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Okay, I am 42, so I am not "that" old. But I am definitely lost, and would love to hear from anyone. I do not even know if I need advice or just want to connect with those like me. I am an ENFP and it is hard bc I have loved everything. I was a great student bc I loved every subject. I have an undergraduate in Economics and Master's in Computer Science. I actually wanted to be an art history major, but my father convinced me it would be a worthless piece of paper. So I went his route, and ended up living in some big cities being a computer programmer, and then an IT manager until I wanted to gauge my eyes out. I became an online producer at a publishing company, then a real estate broker, then I owned a clothing boutique for 5 years. Typical ENFP! Then at 35 yrs old I met my husband, an ENTJ. I adore him, he is a rock, and when I spin out of control...or as he says, "my motor won't stop", he is there to tell my to focus, and I am doing a great job. The problem is, we had a child 5 years ago. I closed my store, we relocated to a small town and now I am lost. I have been so absorbed in being a supportive partner and mom, that I have no idea what to do with myself. My child starts kindergarten soon and I am afraid when she starts, being alone, I will have nothing to do and I need to work! I paint, and I was recently commissioned to do two pieces of rather large art. I had so one else ask me to help decor ate their house. I am volunteering for an organization close to my heart.

I just really want to know how you guys deal with this. I thought when I was older I would figure it all out and be settled. I am as scattered or more as when I was 25! I want to be passionate about something, but passing fancies seem to dominate me. I will never accomplish anything!
 

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Okay, I am 42, so I am not "that" old. But I am definitely lost, and would love to hear from anyone. I do not even know if I need advice or just want to connect with those like me. I am an ENFP and it is hard bc I have loved everything. I was a great student bc I loved every subject. I have an undergraduate in Economics and Master's in Computer Science. I actually wanted to be an art history major, but my father convinced me it would be a worthless piece of paper. So I went his route, and ended up living in some big cities being a computer programmer, and then an IT manager until I wanted to gauge my eyes out. I became an online producer at a publishing company, then a real estate broker, then I owned a clothing boutique for 5 years. Typical ENFP! Then at 35 yrs old I met my husband, an ENTJ. I adore him, he is a rock, and when I spin out of control...or as he says, "my motor won't stop", he is there to tell my to focus, and I am doing a great job. The problem is, we had a child 5 years ago. I closed my store, we relocated to a small town and now I am lost. I have been so absorbed in being a supportive partner and mom, that I have no idea what to do with myself. My child starts kindergarten soon and I am afraid when she starts, being alone, I will have nothing to do and I need to work! I paint, and I was recently commissioned to do two pieces of rather large art. I had so one else ask me to help decor ate their house. I am volunteering for an organization close to my heart.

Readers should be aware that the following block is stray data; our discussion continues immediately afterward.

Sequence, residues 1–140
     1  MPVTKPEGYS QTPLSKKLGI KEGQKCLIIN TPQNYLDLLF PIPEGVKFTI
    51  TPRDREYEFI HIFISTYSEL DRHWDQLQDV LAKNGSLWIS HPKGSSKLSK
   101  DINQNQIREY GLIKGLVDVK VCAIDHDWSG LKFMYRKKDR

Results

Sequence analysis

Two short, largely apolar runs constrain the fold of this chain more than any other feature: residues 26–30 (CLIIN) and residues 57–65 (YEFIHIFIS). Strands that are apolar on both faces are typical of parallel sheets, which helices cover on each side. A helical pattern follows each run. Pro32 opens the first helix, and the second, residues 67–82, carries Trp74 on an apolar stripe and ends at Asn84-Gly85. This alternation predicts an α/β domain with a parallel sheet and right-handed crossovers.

I just really want to know how you guys deal with this. I thought when I was older I would figure it all out and be settled. I am as scattered or more as when I was 25! I want to be passionate about something, but passing fancies seem to dominate me. I will never accomplish anything!
Ah, gosh. This almost scares me- I am an ENFP teenager.

However, it's never too late to start pursuing your dreams! There is such an abundance of things on this planet to do and learn from, and if you want to be passionate, all you need to do is look. The world is filled with vast quantities of many interesting things, if you just look around.

Your art seems like a fantastic outlet for passion, why not get completely and fully immersed into it and the art culture? It's never too late.
 
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Your art seems like a fantastic outlet for passion, why not get completely and fully immersed into it and the art culture? It's never too late.
Definitely
 

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I will never accomplish anything!
You had a child five years ago. That is a major "something"! :)

If you are an ENFP, you very likely touch lots of individual lives in small ways almost every day.

FWIW, I am strongly ENFP and 51 years old. I embrace what many refer to as my "flighty nature". I LOVE doing a little of this, then a little of that. Being stuck in a work routine is nearly poisonous for me, (though I managed to find a career that is more chaotic than routine). I can hardly wait to retire and start dabbling. I hope to make and sell some art (I got talked out of doing art for a career, like you. I have often wondered what if....). I also would like to volunteer in my community in numerous ways.

Are you sure that your current frustration reflects your values? Is it possible that you are trying to conform to someone else's expectation, for someone your age or whatever?